However, these teams, based on being a wild-card entry, each played an additional game. They took on all comers – each having to beat the team with the best record in their league.

They also play the game the way it should be, with pitching, defense, timely hitting and solid bullpens. Both can also hit the long ball when needed, but neither survive by the homer, which is refreshing.

I believe this one has the capability of going seven, which defines “classic,’’ to me. Both teams have reason to believe they can be considered a team of destiny.

I can’t wait to find out which one.

Nov 02

Mets Gambled And Lost On Johan Santana; End Era By Buying Out Contract

The New York Mets took care of business and officially parted ways with often-injured Johan Santana when they paid a $5.5-million buyout Friday, and the classy left-hander, who always wanted to do more – sometimes to his detriment – did the same and thanked the franchise and its fans for their support.

In a statement, Santana said: “I want to thank the Mets organization, my teammates, and, of course, a big thank you to Mets fans, who have been behind me from day one and stood by me through all the good and bad.’’

SANTANA: Era ends.

SANTANA: Era ends.

It was a noble gesture from Santana, something he didn’t have to do after completion of the six-year, $137.5-million contract that made him the highest-paid Mets’ pitcher.

The Mets have not ruled out bringing back Santana at a low-cost deal – which would be on top of the buyout – and toward that end, the left-hander lobbied on his behalf.

“I am not sure what the future holds, as this is all new to me,’’ Santana continued, “but I have every intention of pitching in 2014 and beyond and I am certainly keeping all my options open.’’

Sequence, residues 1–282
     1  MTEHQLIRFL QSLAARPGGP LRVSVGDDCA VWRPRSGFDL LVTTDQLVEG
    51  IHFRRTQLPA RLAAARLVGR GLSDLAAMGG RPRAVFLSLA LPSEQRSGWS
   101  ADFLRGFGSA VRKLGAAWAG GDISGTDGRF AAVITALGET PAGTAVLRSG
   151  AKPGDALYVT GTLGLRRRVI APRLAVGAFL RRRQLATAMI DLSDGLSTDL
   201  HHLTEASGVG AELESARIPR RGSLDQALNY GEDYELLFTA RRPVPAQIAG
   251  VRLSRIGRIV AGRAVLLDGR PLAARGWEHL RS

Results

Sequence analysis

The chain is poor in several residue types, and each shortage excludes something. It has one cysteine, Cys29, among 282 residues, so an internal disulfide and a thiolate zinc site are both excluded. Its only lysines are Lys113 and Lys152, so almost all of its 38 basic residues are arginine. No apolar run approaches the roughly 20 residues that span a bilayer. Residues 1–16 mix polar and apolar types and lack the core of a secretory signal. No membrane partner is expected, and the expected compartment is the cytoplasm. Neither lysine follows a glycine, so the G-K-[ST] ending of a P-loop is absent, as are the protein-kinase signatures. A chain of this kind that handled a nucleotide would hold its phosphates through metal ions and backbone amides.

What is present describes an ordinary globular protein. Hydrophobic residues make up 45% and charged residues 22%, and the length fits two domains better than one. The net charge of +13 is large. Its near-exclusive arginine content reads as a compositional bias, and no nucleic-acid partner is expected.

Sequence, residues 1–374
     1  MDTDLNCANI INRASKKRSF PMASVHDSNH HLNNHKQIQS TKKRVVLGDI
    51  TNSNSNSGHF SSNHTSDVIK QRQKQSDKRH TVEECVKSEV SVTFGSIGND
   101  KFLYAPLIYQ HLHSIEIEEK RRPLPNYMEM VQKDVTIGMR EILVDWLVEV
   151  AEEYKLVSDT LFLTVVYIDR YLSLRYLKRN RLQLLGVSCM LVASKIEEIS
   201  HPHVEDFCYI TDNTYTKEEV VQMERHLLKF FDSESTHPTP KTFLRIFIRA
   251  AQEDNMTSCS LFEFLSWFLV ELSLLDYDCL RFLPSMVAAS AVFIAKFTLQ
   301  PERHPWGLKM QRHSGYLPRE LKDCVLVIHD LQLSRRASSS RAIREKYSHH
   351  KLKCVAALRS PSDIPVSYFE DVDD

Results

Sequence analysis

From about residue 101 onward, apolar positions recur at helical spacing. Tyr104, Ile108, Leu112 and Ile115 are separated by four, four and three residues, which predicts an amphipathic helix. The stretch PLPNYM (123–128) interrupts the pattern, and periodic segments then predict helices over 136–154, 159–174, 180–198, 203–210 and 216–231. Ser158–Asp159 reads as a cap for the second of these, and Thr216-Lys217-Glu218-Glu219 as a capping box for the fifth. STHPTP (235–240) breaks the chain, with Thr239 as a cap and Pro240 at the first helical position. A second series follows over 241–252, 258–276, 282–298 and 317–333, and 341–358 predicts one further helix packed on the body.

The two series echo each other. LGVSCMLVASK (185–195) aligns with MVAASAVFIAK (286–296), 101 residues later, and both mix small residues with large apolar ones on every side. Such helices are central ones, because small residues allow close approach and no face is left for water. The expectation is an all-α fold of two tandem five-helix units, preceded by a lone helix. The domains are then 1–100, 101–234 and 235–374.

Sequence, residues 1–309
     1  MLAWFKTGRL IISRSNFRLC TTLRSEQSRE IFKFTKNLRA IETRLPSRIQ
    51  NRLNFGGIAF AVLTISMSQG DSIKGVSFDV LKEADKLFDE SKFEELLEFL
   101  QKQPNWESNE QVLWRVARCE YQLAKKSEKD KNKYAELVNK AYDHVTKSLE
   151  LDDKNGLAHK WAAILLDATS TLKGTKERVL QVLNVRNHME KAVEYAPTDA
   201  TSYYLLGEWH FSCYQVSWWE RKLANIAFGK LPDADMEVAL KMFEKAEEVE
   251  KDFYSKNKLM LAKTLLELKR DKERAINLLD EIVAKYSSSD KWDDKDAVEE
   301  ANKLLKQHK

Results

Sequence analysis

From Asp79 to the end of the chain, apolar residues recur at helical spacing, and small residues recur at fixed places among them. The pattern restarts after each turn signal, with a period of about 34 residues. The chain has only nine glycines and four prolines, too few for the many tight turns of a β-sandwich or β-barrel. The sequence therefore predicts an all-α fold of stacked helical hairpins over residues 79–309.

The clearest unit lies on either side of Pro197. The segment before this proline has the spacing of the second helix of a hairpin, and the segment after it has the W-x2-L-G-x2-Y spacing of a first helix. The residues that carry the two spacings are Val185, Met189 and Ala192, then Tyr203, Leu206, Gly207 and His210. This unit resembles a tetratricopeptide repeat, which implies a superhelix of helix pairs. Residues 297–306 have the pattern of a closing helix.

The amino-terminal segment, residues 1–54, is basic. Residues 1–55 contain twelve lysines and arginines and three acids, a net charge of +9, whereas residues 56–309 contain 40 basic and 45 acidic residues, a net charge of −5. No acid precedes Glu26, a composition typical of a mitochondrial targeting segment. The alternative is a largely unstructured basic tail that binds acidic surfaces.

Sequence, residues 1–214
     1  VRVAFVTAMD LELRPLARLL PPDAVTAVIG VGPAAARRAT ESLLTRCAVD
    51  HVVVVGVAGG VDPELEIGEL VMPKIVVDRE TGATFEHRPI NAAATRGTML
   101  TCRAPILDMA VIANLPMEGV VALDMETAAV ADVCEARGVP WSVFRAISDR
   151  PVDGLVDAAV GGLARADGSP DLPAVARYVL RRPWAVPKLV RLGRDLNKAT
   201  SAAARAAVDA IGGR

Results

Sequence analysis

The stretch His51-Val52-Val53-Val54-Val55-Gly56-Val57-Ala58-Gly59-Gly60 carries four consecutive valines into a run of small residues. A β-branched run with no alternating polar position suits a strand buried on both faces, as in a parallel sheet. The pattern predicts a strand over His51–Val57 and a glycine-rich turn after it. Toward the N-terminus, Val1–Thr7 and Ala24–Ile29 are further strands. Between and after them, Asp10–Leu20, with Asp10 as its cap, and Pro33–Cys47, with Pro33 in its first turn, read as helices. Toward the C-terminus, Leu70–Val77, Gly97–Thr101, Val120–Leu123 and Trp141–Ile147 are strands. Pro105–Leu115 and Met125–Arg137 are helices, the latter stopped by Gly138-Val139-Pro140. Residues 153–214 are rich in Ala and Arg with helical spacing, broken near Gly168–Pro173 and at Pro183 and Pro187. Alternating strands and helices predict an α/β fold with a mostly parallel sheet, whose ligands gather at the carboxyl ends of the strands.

After losing in Game 7 of the 2006 NLCS and kicking away a seven-game lead with 17 games remaining in 2007, and in dire need of pitching, the Mets gambled big on Santana. They sent four prospects to Minnesota – one of them turning out to be All-Star outfielder Carlos Gomez – to acquire the already damaged left-hander. Then they signed him at the time to the richest contract in franchise history.

Santana became available because both the Yankees and Red Sox backed off, so in essence the Mets were bidding against themselves, and arguably could have had him for less. Subsequently, they issued a contract they didn’t have to at that price. Clearly, they mis-read the market. The deal turned out to symbolize then-GM Omar Minaya’s tenure that included a run of lucrative, underachieving contracts.

Outside a 15-7 record with a league-leading 2.53 ERA in 34 starts in 2008, his first season with the Mets, Santana never completed a full year in New York and didn’t pitch at all in 2011 and 2013 because of shoulder injuries. If a full season is considered 34 starts, Santana left 95 starts on the table. That is more glaring than his production of 46-34, a 3.18 ERA and the only no-hitter in franchise history.

That no-hitter came in just his 12th start after rehabbing from shoulder surgery to repair a torn anterior capsule. To this day, manager Terry Collins laments letting him throw 134 pitches.

Ironically, it was a tainted no-hitter because a blown call on what should have been an extra-base hit for Carlos Beltran was ruled a foul ball. If that call is made correctly, then Santana doesn’t throw that many pitches, then, who really knows?

Santana made only 10 more starts for the Mets before he was shut down in August of 2012. In spring training of 2013, in an angered response to GM Sandy Alderson’s comments he didn’t report in shape, Santana went against his prescribed rehab routine and without Collins’ knowledge, threw off the mound and aggravated the injury.

In another dose of irony, the pitcher often fueled by pride was done in by the same. Santana re-tore the capsule and underwent a second surgery.

To this day, Santana never acknowledged his mistake of throwing off the mound, and Anderson never admitted whether his dig at the left-hander’s condition was meant as motivation and backfired.